READ MORE: B.C. records 132 more COVID-19 cases, one in long-term care

“If action had been taken three months earlier, would things be different,” said Rempel Garner. “Minister Hajdu has demonstrated dangerous incompetence. So why is she still in charge of Canadians’ health and safety?”

Tam said the decisions were made as the information warranted. On March 10, when the message to Canadians was that the virus was not spreading in Canadian communities yet, about 80 people had tested positive, almost all of them people who had travelled. Six provinces had yet to confirm a single case.

Two weeks later, the number of domestic cases exceeded travel cases and every province had started to see them.

Tam said the information about the virus was changing rapidly, but the work in Canada was constant.

“Ever since we got information about the cluster of pneumonia in Wuhan, domestic preparedness already began to escalate,” she said.

Lab testing was one of the first priorities, to ensure Canadian labs could actually test people for COVID-19. In February, she said, provinces and territories were warned “the window for preparedness was closing,” Tam said.

But she said within Canada, the risk of local transmission was still very low and that was why that advice continued to be given until mid-March.

“As we’ve seen with this pandemic things change very rapidly, so very soon after (March 10) lots of public health measures evolved and escalated at every level of public health in Canada,” she said.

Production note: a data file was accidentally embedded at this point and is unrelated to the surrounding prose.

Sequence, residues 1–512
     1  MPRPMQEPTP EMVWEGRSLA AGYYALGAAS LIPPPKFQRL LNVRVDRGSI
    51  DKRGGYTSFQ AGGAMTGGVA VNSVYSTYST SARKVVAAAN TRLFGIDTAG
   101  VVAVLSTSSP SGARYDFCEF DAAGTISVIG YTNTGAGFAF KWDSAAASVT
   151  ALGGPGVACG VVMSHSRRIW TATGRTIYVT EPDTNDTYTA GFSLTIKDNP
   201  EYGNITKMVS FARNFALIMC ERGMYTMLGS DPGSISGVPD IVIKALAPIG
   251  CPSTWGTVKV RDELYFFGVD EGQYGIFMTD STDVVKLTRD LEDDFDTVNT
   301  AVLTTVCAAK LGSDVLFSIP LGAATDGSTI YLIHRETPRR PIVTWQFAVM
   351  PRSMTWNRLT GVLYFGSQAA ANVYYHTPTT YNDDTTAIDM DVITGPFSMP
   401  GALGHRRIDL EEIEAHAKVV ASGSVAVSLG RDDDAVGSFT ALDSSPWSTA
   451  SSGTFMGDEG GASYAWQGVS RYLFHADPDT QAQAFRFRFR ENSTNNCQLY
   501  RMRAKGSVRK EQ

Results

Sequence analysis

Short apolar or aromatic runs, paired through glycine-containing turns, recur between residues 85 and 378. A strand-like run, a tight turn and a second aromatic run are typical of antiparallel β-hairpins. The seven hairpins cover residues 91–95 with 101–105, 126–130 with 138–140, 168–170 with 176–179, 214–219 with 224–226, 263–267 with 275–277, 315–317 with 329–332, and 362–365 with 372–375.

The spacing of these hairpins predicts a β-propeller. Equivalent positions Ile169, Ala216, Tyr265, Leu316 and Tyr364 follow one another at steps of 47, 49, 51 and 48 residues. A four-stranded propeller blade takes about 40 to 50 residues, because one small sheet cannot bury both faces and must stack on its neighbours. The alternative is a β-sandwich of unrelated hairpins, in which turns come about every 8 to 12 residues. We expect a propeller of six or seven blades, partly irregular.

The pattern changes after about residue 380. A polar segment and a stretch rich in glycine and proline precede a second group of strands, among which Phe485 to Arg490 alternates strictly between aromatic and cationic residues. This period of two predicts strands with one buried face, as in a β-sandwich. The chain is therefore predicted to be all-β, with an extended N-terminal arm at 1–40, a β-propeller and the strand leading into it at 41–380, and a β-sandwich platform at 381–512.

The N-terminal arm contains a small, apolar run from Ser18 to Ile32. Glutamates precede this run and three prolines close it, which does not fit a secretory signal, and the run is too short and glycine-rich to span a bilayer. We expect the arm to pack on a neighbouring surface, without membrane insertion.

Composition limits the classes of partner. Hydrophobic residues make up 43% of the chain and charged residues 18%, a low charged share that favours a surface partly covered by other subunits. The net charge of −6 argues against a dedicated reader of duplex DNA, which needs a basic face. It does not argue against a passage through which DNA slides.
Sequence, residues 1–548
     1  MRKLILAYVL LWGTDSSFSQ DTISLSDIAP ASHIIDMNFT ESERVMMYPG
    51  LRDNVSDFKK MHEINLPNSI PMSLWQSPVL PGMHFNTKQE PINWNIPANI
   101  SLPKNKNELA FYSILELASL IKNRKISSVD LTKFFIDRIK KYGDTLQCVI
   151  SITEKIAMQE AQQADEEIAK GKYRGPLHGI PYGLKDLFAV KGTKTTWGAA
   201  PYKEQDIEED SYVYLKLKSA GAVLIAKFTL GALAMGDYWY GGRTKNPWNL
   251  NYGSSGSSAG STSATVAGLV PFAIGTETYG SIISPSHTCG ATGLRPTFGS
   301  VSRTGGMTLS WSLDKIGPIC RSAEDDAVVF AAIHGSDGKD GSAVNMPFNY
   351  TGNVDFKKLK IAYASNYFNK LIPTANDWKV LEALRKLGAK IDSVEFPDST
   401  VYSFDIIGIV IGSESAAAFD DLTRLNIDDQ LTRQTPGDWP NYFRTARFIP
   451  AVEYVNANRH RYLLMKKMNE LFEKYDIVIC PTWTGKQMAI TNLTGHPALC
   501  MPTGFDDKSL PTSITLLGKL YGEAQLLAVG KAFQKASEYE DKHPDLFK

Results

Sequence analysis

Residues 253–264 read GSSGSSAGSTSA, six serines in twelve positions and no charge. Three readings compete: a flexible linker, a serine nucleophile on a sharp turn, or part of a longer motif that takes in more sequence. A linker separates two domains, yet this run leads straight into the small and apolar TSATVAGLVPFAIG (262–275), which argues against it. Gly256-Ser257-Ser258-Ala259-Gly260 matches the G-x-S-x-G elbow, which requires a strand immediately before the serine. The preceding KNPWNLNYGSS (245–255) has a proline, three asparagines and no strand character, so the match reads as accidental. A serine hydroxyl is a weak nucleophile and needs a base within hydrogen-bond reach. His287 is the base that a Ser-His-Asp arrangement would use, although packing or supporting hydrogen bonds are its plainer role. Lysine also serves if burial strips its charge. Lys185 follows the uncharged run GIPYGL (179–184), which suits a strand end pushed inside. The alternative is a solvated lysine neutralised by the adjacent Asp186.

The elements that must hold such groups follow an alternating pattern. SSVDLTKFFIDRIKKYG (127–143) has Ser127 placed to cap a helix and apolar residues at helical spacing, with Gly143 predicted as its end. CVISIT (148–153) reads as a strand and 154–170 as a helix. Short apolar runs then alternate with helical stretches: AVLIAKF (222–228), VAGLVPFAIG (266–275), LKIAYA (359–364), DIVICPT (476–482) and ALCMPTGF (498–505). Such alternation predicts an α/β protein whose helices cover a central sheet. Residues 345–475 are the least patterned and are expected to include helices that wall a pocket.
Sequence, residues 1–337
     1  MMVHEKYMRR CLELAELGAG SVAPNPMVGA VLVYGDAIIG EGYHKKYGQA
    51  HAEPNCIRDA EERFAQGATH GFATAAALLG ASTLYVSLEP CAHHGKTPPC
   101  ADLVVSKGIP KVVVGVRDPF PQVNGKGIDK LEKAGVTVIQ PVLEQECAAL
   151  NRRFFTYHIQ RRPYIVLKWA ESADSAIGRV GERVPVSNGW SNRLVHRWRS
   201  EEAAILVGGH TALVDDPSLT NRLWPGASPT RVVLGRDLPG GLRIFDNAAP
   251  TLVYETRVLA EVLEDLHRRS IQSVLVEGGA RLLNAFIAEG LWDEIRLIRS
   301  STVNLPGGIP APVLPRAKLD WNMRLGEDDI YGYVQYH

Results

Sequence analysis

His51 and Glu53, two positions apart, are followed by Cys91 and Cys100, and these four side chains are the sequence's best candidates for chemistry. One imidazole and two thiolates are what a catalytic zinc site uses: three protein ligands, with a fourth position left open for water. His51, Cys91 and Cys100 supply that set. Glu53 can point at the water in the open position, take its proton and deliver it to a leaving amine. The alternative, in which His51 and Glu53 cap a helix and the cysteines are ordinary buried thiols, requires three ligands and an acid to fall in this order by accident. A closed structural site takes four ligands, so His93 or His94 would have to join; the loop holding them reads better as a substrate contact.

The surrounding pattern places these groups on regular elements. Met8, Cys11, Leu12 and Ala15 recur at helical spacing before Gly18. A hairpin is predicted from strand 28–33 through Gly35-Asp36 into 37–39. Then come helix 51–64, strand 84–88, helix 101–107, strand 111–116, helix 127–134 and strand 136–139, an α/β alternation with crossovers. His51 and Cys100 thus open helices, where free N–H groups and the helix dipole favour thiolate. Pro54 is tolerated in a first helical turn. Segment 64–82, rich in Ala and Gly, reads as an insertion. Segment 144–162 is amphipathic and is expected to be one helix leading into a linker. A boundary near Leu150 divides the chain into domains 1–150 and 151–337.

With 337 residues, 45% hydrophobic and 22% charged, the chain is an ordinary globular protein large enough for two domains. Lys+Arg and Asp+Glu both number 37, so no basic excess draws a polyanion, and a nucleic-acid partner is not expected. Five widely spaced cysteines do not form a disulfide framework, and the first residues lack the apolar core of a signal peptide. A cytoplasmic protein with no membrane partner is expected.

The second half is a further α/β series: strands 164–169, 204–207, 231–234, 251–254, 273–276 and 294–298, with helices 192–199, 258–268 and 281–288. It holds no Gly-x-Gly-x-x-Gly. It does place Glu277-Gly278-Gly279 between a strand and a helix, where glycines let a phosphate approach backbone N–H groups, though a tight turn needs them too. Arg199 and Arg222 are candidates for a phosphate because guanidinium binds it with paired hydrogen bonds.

On travel advice, Tam said the initial warnings pertained to countries with significant outbreaks but noted when the worldwide travel ban came March 16, it was the first time it had ever been done and before many nations had any cases.

“That was quite a significant move,” she said. “We were not waiting for a country that hasn’t announced any cases to provide that advice.”

Tam and Trudeau also warned this week that it’s up to Canadians whether there is a significant second wave of the virus, after cases continued to creep up.

The daily average case number over the previous week is now 618, up from 545 on Monday, and 435 on Aug. 31.

Mia Rabson, The Canadian Press


Like us on Facebook and follow us on Twitter.

Want to support local journalism during the pandemic? Make a donation here.

CanadaCoronavirusJustin Trudeau

Get local stories you won't find anywhere else right to your inbox.
Sign up here

Just Posted

Masks are now officially mandatory in all City of Campbell River facilities. (Black Press File Photo)
Interior Health reports 49 new COVID-19 cases overnight

302 cases remain active; two in hospital

A man wearing a face mask to help curb the spread of COVID-19 walks in downtown Vancouver, B.C., Sunday, Nov. 22, 2020. The use of masks is mandatory in indoor public and retail spaces in the province. THE CANADIAN PRESS/Darryl Dyck
104 new COVID-19 cases in Interior Health

IH is reporting the new numbers since Friday, Nov. 20

(Black Press file)
Interior Health reports 31 new COVID-19 cases